MY MOST MEMORABLE PLAYTHROUGH: This is hard to pin down as I’ve probably played this quest more than any other in the game. It’s easily the strongest quest of the Core Set and gained traction in the community as a sandbox for field testing new decks since it offers an early punch, the need for a big quest push in the middle, and a final battle with a swarm of enemies. Do you want to know if your new deck is well-rounded? Give it a try on “Journey Along the Anduin”.

I used to keep a handwritten journal of my playthroughs, and unearthed some notes of one particular evening in April 2013 in which I played this quest solo 11 consecutive times to fine tune a deck called “Cheap Bag of Tricks”. That’s memorable not only because I still count that deck as one of my favorites, but because it reminds me of what my life was like before beginning my marriage and master’s program. I offer this observation without commentary.

jata-quest-log

In each playthrough, I recorded how I dispatched the Hill Troll. In this 11th attempt, I was able to do so without engagement.

OTHER MASTER OF LORE LINKS:
• Derek digs into Tolkien’s lore and the mythological inspiration behind that vile Hill Troll.
• Learn about a pivotal event in the history of the One Ring in my Hasty Stroke on the Gladden Fields.

USEFUL LINKS:
• Read the original release article from FFG published on April 20, 2011.
• See the official FFG Product Page for the Core Set.
• Get rules, ratings, and FAQs for this scenario at Online Quest Companion: Journey Along the Anduin.
• Ian explains (in great detail) various methods for “How to Kill a Hill Troll” at Tales from the Cards.
• Watch Mitch and Matthew take on “Journey Along the Anduin” using only the core set in their awesome Progression Series reboot!

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13 comments

  1. This quest can be a challenge, and I too will still use it as “field test” quest, but you may have been making it even harder on yourself. Stage 1B says to search for a Hill Troll “if one is not already in play”. Getting a Troll for your stage 1A random card is actually the best possible draw.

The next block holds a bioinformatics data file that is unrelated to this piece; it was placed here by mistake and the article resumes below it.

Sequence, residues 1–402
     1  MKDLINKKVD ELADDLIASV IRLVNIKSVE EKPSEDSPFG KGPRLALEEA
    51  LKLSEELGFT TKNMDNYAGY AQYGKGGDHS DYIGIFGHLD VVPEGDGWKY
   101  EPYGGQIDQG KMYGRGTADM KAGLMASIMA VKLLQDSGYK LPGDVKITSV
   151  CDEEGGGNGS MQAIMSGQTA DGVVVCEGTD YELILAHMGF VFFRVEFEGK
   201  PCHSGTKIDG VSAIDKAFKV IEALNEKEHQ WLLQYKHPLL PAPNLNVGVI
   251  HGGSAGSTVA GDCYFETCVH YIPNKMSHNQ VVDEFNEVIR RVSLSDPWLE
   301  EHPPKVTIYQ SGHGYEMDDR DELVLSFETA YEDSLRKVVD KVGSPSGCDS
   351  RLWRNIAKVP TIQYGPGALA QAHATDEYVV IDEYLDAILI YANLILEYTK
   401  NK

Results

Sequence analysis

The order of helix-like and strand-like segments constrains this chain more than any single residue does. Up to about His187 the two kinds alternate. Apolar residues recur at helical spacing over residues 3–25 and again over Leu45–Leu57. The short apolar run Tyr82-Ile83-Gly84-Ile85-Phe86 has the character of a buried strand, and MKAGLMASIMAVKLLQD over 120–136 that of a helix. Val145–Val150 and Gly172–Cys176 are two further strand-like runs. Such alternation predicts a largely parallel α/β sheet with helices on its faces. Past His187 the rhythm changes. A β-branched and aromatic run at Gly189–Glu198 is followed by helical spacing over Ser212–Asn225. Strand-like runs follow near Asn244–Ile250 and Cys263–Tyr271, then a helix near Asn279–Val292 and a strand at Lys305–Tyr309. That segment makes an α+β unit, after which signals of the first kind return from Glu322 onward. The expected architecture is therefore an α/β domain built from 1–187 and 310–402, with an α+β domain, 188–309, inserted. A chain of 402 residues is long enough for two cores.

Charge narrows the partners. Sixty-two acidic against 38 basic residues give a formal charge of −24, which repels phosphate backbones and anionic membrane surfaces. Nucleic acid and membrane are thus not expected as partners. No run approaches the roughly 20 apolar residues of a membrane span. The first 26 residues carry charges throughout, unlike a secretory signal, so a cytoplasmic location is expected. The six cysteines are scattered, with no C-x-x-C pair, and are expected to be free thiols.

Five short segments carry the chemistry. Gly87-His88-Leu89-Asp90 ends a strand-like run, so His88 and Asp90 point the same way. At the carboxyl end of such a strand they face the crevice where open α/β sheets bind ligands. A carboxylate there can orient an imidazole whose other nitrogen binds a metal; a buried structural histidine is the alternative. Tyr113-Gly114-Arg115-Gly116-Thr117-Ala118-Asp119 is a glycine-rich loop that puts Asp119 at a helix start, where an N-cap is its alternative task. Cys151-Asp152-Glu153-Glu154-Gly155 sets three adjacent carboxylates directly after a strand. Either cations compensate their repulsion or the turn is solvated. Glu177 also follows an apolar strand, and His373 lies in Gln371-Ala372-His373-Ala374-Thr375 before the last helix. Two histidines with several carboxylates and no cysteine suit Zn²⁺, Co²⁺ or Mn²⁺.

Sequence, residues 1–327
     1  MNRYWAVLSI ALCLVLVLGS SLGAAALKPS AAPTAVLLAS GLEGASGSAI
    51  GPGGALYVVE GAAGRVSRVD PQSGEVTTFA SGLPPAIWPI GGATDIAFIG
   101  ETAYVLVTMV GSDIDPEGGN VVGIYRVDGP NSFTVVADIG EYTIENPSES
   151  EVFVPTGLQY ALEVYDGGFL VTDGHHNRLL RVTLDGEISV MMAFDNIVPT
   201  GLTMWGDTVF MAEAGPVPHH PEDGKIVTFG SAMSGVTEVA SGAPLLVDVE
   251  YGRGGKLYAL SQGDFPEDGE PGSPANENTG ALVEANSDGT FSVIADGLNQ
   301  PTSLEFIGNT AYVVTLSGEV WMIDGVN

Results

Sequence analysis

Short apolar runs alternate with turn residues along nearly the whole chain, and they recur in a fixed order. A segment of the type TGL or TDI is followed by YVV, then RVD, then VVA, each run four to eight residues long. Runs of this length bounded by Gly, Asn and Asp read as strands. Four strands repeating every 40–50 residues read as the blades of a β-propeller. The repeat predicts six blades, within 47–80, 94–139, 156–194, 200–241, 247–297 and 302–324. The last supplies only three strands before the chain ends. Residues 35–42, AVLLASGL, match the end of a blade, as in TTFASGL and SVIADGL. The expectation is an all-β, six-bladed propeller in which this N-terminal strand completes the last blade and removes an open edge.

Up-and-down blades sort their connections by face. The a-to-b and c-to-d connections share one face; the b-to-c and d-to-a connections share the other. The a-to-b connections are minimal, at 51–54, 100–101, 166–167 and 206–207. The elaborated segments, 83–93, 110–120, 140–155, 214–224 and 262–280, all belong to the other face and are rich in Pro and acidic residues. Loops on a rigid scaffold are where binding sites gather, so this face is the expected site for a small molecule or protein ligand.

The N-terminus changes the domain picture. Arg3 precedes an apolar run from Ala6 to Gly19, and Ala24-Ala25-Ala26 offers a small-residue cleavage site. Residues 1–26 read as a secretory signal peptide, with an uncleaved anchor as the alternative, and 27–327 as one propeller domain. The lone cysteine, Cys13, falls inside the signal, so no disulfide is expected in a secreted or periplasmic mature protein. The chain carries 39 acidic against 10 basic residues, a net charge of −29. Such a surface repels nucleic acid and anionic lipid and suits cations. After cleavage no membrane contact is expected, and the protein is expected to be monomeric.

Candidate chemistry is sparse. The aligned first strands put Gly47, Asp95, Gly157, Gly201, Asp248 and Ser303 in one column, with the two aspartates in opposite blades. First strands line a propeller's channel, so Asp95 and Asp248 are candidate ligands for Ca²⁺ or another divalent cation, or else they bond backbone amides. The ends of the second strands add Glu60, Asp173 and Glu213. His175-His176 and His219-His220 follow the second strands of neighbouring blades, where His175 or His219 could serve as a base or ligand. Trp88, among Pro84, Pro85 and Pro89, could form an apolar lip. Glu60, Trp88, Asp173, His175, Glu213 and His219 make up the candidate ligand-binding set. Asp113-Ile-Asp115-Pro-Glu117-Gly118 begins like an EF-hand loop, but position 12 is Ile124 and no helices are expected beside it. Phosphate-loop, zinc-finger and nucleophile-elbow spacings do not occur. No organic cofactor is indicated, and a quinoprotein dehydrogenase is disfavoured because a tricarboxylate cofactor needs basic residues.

Stage 2B also makes it clear that you can still optionally engage an enemy each turn. In my experience you can use this to pretty effectively winnow enemies down so that you’re not too swarmed by the third stage.

    1. Not only do I fear that I’ve never completed an error-free playthrough of this quest, I also wonder if I’ve made an error-free blog post! I’ve made a couple updates to reflect your astute observations.

      Firstly, I’d like to think that I was aware of the Hill Troll exception on the quest card and yet, I have distinct memories of battling two trolls from time to time. I think those memories must be of a second Hill Troll revealed in the initial rounds of staging before engaging the first. It wasn’t just a bad dream about dealing with multiple trolls, was it?

      Secondly, I do remember the optional engagement on the river in stage 2B but with the additional reveal each round, as well as two more once you disembark from your raft, it can still be quite swarm in the end! I revised my summary of the quest to reflect that more clearly.

      Thanks for the feedback and comments. It makes this fun!

      1. Oh I’ve definitely had to face Hill Troll twins a few times. Especially, if you’re taking your time to set up your kill against the troll, the second one has a decent chance of popping up as well.